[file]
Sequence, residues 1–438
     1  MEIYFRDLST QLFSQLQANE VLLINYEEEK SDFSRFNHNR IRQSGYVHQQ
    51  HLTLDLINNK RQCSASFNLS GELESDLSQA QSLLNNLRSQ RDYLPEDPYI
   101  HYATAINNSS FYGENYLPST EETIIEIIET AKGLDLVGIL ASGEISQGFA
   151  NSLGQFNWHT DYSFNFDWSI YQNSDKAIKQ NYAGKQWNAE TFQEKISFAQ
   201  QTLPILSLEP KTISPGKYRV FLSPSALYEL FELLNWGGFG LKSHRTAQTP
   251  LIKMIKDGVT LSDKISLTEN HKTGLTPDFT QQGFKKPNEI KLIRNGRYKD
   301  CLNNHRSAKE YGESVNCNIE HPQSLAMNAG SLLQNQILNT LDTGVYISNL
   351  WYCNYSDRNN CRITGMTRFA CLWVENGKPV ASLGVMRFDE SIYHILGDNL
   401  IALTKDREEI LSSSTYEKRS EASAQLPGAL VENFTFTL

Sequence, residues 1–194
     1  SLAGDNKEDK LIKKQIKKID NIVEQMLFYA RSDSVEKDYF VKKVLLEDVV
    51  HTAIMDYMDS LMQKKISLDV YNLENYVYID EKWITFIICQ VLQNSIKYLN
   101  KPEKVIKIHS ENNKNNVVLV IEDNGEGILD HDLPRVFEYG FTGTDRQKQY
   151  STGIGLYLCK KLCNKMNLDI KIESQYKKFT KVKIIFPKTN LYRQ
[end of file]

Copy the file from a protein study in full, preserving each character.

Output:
Sequence, residues 1–438
     1  MEIYFRDLST QLFSQLQANE VLLINYEEEK SDFSRFNHNR IRQSGYVHQQ
    51  HLTLDLINNK RQCSASFNLS GELESDLSQA QSLLNNLRSQ RDYLPEDPYI
   101  HYATAINNSS FYGENYLPST EETIIEIIET AKGLDLVGIL ASGEISQGFA
   151  NSLGQFNWHT DYSFNFDWSI YQNSDKAIKQ NYAGKQWNAE TFQEKISFAQ
   201  QTLPILSLEP KTISPGKYRV FLSPSALYEL FELLNWGGFG LKSHRTAQTP
   251  LIKMIKDGVT LSDKISLTEN HKTGLTPDFT QQGFKKPNEI KLIRNGRYKD
   301  CLNNHRSAKE YGESVNCNIE HPQSLAMNAG SLLQNQILNT LDTGVYISNL
   351  WYCNYSDRNN CRITGMTRFA CLWVENGKPV ASLGVMRFDE SIYHILGDNL
   401  IALTKDREEI LSSSTYEKRS EASAQLPGAL VENFTFTL

Sequence, residues 1–194
     1  SLAGDNKEDK LIKKQIKKID NIVEQMLFYA RSDSVEKDYF VKKVLLEDVV
    51  HTAIMDYMDS LMQKKISLDV YNLENYVYID EKWITFIICQ VLQNSIKYLN
   101  KPEKVIKIHS ENNKNNVVLV IEDNGEGILD HDLPRVFEYG FTGTDRQKQY
   151  STGIGLYLCK KLCNKMNLDI KIESQYKKFT KVKIIFPKTN LYRQ